|>>The WF01's front suspension is torsion bar controlled. The bars can be accessed from the front of the monocoque. It appears that the primary dampers are on the other end of the bell cranks with their inboard mounts attaching near centerline.|
|The WR LMP2008 has some interesting features. Starting with the side pods, they are heavily undercut and vented. A vertical legality shadow plate masks the side pods outboard as the undercut section encroaches inboard past the 150 mm inboard legality limit. The black horizontal strake at the rear of the side pod works as a shadow plate, shielding a segment of the "valley" that opens up between the outboard vertical shadow plate and the side pod as the side pod pinches inboard. Furthermore the, the area between the valley then blends back up to the height underneath the horizontal shadow plate. All very interesting interpretations. For the time being it is difficult to ascertain what is occurring between the front pontoon fender and the monocoque. Regulations mandate additional shadow plates in this area in order to maintain a 400 mm height and this is governed to a point 415 mm behind the front wheel centerline.|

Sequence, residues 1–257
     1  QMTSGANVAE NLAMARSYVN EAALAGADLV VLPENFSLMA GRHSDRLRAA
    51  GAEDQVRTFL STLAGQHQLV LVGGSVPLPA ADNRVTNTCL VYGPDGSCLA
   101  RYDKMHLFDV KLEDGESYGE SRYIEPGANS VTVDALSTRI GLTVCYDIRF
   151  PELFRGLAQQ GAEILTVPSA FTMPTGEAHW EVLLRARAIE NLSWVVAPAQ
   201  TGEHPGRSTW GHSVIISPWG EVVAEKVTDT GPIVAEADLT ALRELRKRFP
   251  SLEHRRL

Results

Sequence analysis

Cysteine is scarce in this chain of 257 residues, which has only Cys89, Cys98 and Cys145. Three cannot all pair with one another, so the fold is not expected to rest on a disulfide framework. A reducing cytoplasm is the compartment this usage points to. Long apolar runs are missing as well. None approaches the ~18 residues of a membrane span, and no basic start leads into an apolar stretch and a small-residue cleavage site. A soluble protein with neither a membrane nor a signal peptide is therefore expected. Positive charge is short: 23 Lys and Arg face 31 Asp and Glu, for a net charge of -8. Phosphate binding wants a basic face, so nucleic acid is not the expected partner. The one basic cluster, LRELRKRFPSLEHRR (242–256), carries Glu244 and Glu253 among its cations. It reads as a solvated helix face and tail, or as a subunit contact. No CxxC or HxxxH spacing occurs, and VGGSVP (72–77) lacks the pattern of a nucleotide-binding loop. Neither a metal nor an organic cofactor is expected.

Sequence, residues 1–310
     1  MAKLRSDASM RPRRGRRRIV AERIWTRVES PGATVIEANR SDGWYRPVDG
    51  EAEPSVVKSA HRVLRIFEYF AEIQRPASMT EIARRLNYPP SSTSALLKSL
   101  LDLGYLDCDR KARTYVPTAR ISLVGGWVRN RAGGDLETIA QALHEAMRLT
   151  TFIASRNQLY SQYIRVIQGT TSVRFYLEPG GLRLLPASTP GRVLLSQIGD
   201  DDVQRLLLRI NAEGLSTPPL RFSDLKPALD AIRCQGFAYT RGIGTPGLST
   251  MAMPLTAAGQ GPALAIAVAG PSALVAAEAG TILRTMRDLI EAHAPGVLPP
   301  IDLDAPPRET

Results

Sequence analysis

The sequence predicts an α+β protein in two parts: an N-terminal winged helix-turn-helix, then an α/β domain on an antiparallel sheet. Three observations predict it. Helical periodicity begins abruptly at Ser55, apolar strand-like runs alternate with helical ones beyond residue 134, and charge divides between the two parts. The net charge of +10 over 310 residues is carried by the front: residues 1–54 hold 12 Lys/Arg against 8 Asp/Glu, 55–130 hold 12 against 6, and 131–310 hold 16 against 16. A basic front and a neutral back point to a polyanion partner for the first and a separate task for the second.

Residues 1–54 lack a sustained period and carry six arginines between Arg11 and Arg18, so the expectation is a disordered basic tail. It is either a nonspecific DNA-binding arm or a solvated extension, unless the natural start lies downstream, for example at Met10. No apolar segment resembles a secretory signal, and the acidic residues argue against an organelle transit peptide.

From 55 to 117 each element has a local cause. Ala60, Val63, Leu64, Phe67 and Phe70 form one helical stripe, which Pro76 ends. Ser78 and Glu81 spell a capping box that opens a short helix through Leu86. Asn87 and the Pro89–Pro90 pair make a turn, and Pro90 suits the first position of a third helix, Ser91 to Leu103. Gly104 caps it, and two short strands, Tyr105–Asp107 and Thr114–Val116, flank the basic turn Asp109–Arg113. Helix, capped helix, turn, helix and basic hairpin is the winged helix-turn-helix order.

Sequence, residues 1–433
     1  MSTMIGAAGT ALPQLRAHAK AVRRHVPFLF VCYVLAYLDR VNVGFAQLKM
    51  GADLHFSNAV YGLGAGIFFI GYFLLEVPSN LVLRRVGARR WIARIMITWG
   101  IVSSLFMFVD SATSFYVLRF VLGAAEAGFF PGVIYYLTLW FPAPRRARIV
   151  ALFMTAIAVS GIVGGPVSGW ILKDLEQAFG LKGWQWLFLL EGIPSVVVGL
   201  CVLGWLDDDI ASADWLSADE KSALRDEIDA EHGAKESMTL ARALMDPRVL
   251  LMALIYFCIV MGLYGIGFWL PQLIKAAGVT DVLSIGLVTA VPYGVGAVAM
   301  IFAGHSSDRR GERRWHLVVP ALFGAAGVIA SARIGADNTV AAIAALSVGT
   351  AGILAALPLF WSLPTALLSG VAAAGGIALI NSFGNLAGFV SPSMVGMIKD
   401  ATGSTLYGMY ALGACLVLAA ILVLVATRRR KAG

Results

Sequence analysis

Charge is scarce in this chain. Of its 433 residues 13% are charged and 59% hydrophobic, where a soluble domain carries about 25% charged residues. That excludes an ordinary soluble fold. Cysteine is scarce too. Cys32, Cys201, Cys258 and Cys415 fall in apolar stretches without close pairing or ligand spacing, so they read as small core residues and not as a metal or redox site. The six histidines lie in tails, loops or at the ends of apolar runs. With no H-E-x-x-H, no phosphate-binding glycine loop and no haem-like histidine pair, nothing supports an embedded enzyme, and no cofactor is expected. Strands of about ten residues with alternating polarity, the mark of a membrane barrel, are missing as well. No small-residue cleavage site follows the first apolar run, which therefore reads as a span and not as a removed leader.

|From the front we can see the very large front splitter/diffuser. The diffuser exit is directed at the bottom of the side pod into the area created by the undercut on the side pod. The whole idea is to manage this exit airflow as efficiently as possible maximizing the diffuser's performance. It would appear that the front brake ducts are "Formula" style with the ducting mounted directly to the upright and grabbing cooling air from inboard openings in the front fenders.|